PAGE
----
by Ian Lutze

It was a privilege to be part of the LCA’s One Loving God project team, which worked to update and expand the resources for people in our church who provide care across a wide variety of settings.

One of the results of this practical theological project – the 16-page God’s Love – Our Care booklet – is beautifully produced, with many heartwarming, and sometimes heartwrenching, photos of care in action.

It can be used for personal study or in groups, with Bible texts and thought-provoking questions to explore. There is also a ‘Digging Deeper’ section with more questions to ponder, other things to think about, and further reading to consider.

It’s a gem of a document. But does it say anything new? Isn’t caring for people a simple, responsive and intuitive thing for Christians to do? What more is there to talk about?

The document will indeed sound very familiar to Lutherans reading it, with its references to God’s love which inspires care for the needy, the focus on God’s saving action in Christ being the church’s primary interest, and connections to the gospel through word and sacrament.

But a practical theological project does not simply repeat the past. It seeks to restate our thinking about God in the light of real life in the world, where tough questions are encountered, and the challenge to proclaim the gospel clearly is always changing.

I work in aged care, an arena of dynamic change. Aged-care centres are required by law to provide non-discriminatory care to people according to standards set by the government, albeit with input from the peak bodies from the sector itself. Such standards include accepting, honouring and not trying to change the spirituality of any resident in our care. It is about treating people with due dignity.

This seems to present a problem, though, for mission-minded Lutherans, whose DNA is to proclaim Christ wherever we go.

Over against this thinking is our daily experience of living in a multi-cultural and multi-faith world, growing food for ‘the just and the unjust’, and developing our own life-giving connections to people, home, family, creation, art and culture, and to great causes. Our own ‘spirituality’ is more than our relationship with Christ. We still have a stake in a world we try to make as ‘good’ as it can be.

And more and more we belong to complex families in which our loved ones have a variety of spiritual expressions, too.

God’s Love – Our Care addresses this reality by talking about God having ‘two hands’ – one hand (the left hand) to care for and sustain people in this world, and the other (the right hand) to bring people into the kingdom of God, the new eternal reality created through the gospel.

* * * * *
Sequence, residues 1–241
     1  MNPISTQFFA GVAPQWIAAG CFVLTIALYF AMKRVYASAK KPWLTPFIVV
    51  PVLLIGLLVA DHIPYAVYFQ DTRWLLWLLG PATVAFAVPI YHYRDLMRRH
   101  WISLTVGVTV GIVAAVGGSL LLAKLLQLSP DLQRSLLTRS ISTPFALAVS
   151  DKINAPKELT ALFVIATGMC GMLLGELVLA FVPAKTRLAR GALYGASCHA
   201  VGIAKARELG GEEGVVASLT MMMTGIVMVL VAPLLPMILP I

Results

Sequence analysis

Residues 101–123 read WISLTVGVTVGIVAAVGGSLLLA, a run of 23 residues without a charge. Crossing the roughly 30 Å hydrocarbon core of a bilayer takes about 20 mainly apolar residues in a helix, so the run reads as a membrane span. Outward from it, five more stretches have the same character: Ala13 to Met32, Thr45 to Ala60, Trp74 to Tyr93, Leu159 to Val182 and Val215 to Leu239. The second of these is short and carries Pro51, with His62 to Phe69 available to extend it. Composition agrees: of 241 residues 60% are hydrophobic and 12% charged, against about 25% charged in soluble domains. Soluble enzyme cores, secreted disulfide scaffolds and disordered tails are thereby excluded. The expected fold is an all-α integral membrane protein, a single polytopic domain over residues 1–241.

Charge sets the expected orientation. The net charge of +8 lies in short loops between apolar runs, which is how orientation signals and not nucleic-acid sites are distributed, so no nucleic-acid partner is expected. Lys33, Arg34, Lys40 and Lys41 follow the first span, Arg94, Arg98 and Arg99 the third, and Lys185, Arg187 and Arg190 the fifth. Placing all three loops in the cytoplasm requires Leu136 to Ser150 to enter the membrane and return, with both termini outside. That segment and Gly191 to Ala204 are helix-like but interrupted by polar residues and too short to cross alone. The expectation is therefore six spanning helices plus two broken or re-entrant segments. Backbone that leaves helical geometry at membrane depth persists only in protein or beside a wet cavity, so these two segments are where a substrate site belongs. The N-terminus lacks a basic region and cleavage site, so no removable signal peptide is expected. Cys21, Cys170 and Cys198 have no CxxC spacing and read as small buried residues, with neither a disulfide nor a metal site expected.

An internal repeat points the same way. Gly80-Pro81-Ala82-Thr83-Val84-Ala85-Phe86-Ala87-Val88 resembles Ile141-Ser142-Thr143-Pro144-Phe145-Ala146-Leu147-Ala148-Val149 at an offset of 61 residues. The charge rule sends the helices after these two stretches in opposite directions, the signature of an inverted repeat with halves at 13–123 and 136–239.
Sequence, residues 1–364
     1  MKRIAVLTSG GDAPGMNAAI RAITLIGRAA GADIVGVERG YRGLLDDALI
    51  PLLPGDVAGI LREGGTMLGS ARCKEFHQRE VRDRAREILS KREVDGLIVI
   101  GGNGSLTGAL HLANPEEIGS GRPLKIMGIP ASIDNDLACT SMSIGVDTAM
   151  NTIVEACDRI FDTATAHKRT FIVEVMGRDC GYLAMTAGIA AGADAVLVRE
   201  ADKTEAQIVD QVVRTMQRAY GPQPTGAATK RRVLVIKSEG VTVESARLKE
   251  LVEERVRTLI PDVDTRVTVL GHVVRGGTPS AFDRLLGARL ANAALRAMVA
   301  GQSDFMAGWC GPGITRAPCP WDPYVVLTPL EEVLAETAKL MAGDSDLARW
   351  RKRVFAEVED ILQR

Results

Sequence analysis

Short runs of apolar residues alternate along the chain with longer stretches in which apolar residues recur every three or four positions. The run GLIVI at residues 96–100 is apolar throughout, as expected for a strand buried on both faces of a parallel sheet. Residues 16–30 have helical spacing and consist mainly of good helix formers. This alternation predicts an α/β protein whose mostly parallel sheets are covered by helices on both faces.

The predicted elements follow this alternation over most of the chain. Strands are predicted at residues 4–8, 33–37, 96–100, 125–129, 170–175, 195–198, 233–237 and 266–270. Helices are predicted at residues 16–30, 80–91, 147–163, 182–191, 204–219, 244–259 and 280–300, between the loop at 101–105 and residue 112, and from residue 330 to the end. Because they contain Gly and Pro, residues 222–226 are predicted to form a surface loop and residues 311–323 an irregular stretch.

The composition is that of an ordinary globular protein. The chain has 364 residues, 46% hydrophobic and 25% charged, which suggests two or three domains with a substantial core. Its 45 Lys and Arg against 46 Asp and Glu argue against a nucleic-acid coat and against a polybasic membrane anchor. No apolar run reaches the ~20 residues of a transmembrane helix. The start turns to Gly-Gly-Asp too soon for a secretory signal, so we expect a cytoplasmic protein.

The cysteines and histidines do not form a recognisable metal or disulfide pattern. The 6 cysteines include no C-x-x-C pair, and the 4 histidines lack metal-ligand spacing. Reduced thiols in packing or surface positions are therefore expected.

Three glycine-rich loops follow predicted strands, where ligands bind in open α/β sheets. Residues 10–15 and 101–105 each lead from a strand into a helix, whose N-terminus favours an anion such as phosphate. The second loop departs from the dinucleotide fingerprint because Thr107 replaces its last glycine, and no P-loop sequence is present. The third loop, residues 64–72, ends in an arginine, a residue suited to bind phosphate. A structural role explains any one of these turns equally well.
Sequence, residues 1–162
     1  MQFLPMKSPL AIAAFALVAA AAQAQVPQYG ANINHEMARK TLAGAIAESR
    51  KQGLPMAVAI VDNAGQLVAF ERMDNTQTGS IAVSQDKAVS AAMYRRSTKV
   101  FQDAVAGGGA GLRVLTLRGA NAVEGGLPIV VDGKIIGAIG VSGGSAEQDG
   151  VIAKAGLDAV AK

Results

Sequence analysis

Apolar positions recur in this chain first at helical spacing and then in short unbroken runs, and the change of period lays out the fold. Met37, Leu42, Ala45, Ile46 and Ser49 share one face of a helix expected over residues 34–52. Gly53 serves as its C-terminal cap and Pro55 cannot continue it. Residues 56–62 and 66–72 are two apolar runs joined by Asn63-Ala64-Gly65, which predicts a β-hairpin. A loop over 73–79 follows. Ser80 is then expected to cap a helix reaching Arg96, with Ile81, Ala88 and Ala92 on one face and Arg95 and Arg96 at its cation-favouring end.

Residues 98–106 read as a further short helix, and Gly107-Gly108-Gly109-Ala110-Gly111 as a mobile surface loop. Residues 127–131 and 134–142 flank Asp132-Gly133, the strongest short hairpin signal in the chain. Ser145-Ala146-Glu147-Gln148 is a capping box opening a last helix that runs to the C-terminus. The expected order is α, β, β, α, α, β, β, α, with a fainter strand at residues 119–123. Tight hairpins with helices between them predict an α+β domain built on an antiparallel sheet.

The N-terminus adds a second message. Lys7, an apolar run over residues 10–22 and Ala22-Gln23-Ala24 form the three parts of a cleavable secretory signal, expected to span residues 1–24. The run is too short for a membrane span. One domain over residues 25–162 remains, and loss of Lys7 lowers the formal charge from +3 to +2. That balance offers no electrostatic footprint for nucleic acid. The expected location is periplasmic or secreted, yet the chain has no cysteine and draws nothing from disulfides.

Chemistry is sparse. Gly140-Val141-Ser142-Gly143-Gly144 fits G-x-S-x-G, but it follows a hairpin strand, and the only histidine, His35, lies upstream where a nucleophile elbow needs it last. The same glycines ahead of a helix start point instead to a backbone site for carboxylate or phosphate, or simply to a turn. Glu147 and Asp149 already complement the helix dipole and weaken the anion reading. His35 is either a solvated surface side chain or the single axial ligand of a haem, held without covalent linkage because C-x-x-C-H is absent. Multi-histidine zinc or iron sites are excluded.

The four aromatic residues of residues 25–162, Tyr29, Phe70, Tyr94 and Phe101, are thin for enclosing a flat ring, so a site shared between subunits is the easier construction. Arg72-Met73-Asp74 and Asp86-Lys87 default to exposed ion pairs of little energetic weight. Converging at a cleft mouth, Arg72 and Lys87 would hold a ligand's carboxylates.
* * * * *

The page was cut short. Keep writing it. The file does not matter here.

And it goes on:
The document suggests that God’s two hands work more in harmony with each other than perhaps thought in the past. So everything in the way God created people is ‘very good’, even people’s spirituality, their way of making sense of the world, their place in it and their connections. So we can celebrate a non-Christian’s healthy religious practice, as part of the way God created them, while also hoping and praying that God’s kingdom will come to this person, too – God’s right hand at work. Working with this way of seeing things is the art of spiritual care: we accept, and we hope, at the same time.

So, as Christians, it is entirely consistent for us to meet the many needs of any person who comes into our orbit, with grace, love and skill, without devaluing the person because they are not yet a Christian.

The concept of God’s two hands, of course, is, with different language, as old as the Reformation. I love it because it is a way to advance our mission in this world by being honest to God as he really is.

It allows me to get alongside a lady who has never been a Christian, to hear her real needs, and to respond, together with my organisation, according to my specialty.

She comes to church, occasionally, ‘just for you’, as she puts it. Will she ever be a Christian? Who knows? But she is hearing about a God who cares for her very much. Where that goes is God’s business.

Grace means unconditional acceptance, being generous enough to help connect a Hindu to his religious roots rather than place a Christian tract in his hands. Are we able to do this?

Despite being mandated to unconditionally accept people’s faith as it is, to do so also reflects the generous heart of a God with two hands, who will get his work done in the world and will sometimes use us.

I pray that God’s Love – Our Care will confirm the sense in your heart of what good care looks like. May it challenge and nurture your own spirit as you care in God’s name.

Pastor Ian Lutze is Aged-Care Pastor/Chaplain at Tanunda Lutheran Home in South Australia’s Barossa Valley and a member of the LCA’s One Loving God project team.

Interested groups and individuals can download and print from an electronic version of God’s Love – Our Care here or request a printed copy by emailing the LCA/NZ’s Committee for Ministry with the Ageing.

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